ZIP WALK & TALK IN 53207
On March 18, 2017, a dozen strangers became neighbors. We gathered in the Community Room at the Tippecanoe Library on Howard & Howell, ready to explore the area between the library and Humboldt Park to the north for the second official ZIP Walk & Talk (last November, ZIP MKE held its first ZIP Walk in the Merrill Park, Pigsville, Story Hill, and Johnson's Wood neighborhoods, but it was so chilly and windy, everyone just wanted to get back to their cars and head home!). But since part of its mission includes community engagement, ZIP MKE wanted to make sure that the Talk part was an integral component to any further Walks .
Walkers came for different reasons:
to explore a neighborhood that I haven’t really explored yet
to walk through and see a different part of the city
to check out the community in the Bay View area
to learn the neighborhood
to support the library
to enjoy the weather
to explore our city
to meet people
I was invited.
I came with my mom.
I love walking.
And they came with different expectations:
to enjoy a neighborhood on foot
to see new things and take photos of them
to meet new people
to see landscapes I’ve never seen before
to get to know more of Milwaukee and people in the area
- to get some great photos
But what most of the walkers were expecting is that we'd all walk in a group on a pre-prescribed route. So when I announced that I wanted them to pair up with someone they didn't know, I could sense the apprehension on some faces. Nonetheless, everyone complied with my experiment and received a clipboard, area map, and a Sharpie with which, I explained, they would delineate their own beat through the neighborhood, placing dots on the map at places that caught their interest, attention, surprise, questions. Along the way, the pairs were to get to know each other and, of course, take photographs. The six groups would converge in about an hour at the entrance to Redcat Field at Bay View High School, on the north end of Humboldt Park, at which point we would all walk back together.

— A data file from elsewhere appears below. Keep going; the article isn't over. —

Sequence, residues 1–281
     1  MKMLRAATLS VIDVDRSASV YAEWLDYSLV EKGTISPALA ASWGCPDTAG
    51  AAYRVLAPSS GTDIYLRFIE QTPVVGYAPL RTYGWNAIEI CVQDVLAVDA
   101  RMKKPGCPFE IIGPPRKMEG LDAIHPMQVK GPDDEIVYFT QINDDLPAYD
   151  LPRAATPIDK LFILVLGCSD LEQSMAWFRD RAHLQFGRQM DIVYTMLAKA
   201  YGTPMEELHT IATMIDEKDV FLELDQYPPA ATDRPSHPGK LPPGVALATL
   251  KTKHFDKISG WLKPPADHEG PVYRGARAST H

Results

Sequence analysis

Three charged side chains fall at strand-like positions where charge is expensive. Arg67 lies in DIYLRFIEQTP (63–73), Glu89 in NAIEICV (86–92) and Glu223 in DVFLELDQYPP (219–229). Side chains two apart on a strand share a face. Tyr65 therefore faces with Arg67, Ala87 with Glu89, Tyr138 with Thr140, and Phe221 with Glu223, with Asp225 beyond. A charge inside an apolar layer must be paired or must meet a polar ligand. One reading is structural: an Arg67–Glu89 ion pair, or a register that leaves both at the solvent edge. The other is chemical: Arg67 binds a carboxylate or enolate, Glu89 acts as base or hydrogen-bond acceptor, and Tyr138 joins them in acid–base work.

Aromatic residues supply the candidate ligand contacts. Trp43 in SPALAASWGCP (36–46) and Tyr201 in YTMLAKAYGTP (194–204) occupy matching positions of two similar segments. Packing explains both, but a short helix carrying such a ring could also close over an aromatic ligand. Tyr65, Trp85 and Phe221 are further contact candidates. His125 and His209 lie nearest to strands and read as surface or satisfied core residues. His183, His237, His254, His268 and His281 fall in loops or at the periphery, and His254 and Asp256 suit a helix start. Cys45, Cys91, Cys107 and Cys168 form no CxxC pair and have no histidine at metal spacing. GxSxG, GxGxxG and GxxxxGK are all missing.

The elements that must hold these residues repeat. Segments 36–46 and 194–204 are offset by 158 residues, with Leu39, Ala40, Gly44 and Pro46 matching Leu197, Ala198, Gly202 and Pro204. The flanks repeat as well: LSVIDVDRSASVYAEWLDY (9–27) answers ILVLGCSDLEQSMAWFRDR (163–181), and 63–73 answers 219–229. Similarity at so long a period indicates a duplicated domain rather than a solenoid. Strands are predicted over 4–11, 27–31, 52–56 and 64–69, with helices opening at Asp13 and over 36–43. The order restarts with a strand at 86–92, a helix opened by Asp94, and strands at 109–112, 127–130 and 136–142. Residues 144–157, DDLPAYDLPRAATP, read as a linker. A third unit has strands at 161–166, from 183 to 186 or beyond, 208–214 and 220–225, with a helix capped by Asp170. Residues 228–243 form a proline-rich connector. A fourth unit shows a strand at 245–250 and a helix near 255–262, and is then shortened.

This exercise gave each pair a chance to explore with no tour guide (whether human or book) and no pre-planned route. Instead, it gave them freedom to explore with an open mind, to get from point A to point B with an eye for discovery and connection--a luxury most of us don't afford ourselves often enough in the world of GPS and Google Maps. This particular design was inspired by my recent reading about the Surrealists (1920s), the Situationist International (1950s-70s), and the Fluxus movement (1962-78). When I discovered these three movements, I immediately threw out my plan for a group walk, a simple one that formed a right triangle between Tippecanoe, Humboldt Park, Woodlawn Cemetery, and back to Tippecanoe. Uninspired. Yawn.
The Surrealists explored the relationship created between themselves as walkers and their urban environment (Paris), chance, and the marvelous. Their peripatetic practice was partly a reaction to the rigidly prescribed grid system of the city and the increased auto traffic of the 1920s, which made the enchantment of walking the streets of Paris a little more dangerous. They eschewed familiar routes and popular landmarks to explore forgotten or unfashionable places. They walked to walk, to bring back an age-old (we are Homo erectus, yes? (Wo)man the Walker?) practice. They walked to escape boredom and connect with their surroundings. They walked to explore their own unconscious, to discover themselves.
The Situationists were less about searching for Self and more about seeking social change. Like the Surrealists, they defied the dominant order and walked where they pleased, but their walks--called dérives--didn't just explore. They studied, critiqued, and sought to alter what they saw as an increasingly alienating city. The dérivistes played walking games (e.g., walking a route in a circle rather than in a square, mapped grid; following scents or colors throughout the city, not knowing where they would take them), raised questions about how minorities and women were limited as travelers in their own city, studied the city's "psychogeographic contours."